The Pros and Cons of Running a Subscription Service

Written by: Stephanie Farber

More and more businesses are switching to a subscription business model. While subscription services aren’t new, they are experiencing a resurgence. This article looks closely at the pros and cons of subscription-based businesses.

Pro: Predictability

Subscription businesses have a foreseeable revenue based on the number of subscribers. This offers you predictable cash flow, which is the lifeblood of any business. Subscription businesses are also more appealing to investors because of this predictability of cash flow and revenue they provide.

Pro: Can Spend More on Customer Acquisition

You can spend more on customer acquisition with a subscription model. Since customers are with you longer, they are worth more than they would be in a more traditional e-commerce model. Customer’s longer shelf life means you can spend more to acquire them and remain profitable. Being able to “buy” customers means you can grow your business faster and possibly replace customers you lose more quickly, offsetting some of your churn concerns.

Pro: Build Customer Relationships

Since your customers will ideally be around for a long time, you can build relationships with them and get to know them in more detail. It also allows you to get feedback from your customers quickly so you have a better idea of what they want, what they like about your service, and how a subscription service can best serve their needs.

Con: High Churn

The  novelty can wear off pretty quickly if the service isn’t something the customer needs. You may not need a new workout outfit every month, but having the latest version of Photoshop is a necessity if you’re a graphic designer, photographer or someone else who needs photography software for their business. Outside of excellent customer service, the best way to prevent high churn is to ensure your service or product is a necessity, not just a convenience.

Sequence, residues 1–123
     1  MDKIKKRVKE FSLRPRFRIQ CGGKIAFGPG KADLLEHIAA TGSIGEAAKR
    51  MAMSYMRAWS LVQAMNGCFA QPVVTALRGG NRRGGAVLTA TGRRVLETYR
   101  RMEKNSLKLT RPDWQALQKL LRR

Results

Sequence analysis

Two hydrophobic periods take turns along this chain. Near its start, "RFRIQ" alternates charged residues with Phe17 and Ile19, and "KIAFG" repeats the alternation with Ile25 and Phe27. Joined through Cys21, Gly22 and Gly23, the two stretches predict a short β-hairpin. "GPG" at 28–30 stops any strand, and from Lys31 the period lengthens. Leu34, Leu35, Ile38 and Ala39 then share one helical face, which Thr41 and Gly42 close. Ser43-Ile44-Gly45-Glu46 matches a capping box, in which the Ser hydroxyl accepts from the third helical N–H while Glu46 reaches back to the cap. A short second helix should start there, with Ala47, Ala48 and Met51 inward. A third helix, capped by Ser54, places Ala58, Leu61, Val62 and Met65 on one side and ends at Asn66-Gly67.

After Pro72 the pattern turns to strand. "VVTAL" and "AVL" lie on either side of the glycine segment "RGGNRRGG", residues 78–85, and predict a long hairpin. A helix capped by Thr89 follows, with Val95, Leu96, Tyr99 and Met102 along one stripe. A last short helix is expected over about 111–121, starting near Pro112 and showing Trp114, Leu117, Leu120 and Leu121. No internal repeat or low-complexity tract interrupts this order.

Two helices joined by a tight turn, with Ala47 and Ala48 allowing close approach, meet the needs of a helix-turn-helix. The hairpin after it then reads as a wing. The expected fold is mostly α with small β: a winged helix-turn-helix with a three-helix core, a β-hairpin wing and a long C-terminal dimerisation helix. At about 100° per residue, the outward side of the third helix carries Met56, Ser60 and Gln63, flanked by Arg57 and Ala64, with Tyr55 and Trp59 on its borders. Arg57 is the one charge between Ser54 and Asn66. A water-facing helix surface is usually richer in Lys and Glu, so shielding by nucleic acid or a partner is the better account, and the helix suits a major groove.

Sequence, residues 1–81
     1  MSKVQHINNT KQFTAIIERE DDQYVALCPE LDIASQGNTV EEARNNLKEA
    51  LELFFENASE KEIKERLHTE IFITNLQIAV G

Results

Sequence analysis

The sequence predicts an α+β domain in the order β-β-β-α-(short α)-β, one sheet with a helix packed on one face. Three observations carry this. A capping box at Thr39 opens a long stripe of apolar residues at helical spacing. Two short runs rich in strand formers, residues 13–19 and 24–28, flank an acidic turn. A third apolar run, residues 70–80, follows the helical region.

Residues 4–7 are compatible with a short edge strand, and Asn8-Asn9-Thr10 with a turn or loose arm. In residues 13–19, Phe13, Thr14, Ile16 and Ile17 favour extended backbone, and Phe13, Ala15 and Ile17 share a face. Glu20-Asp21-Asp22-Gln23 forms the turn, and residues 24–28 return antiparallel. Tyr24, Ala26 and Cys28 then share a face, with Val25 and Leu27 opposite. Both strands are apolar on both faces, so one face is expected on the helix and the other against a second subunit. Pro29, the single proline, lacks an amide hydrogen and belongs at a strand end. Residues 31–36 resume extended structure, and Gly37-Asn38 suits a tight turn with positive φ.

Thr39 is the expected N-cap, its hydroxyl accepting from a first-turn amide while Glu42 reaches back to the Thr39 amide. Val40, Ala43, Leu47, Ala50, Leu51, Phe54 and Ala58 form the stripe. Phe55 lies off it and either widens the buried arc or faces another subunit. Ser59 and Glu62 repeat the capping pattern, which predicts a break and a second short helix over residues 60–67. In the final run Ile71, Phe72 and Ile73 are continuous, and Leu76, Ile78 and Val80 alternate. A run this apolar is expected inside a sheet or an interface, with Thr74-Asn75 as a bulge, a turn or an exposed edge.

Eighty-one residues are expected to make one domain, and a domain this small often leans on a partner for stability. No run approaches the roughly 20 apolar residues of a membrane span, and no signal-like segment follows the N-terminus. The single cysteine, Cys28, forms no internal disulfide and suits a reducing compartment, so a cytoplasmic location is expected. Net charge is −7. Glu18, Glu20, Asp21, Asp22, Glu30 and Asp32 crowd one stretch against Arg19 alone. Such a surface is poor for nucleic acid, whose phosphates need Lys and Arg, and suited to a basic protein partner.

Con: Difficult to Keep Up Value

Part of the appeal of subscription boxes is the idea that you’re getting great value for your dollar. Spending $35 a month to get $150 worth of value can make signing up for a subscription box more than worth it. Over time, however, the value proposition of a box can be difficult to keep up.

You don’t want to keep repeating similar products to maintain value but risk boring your customers, increasing the likelihood they will unsubscribe. To combat the lack of value and boredom, be sure you are continually sourcing vendors for your box, and reach out to new and small companies outside of the mainstream.

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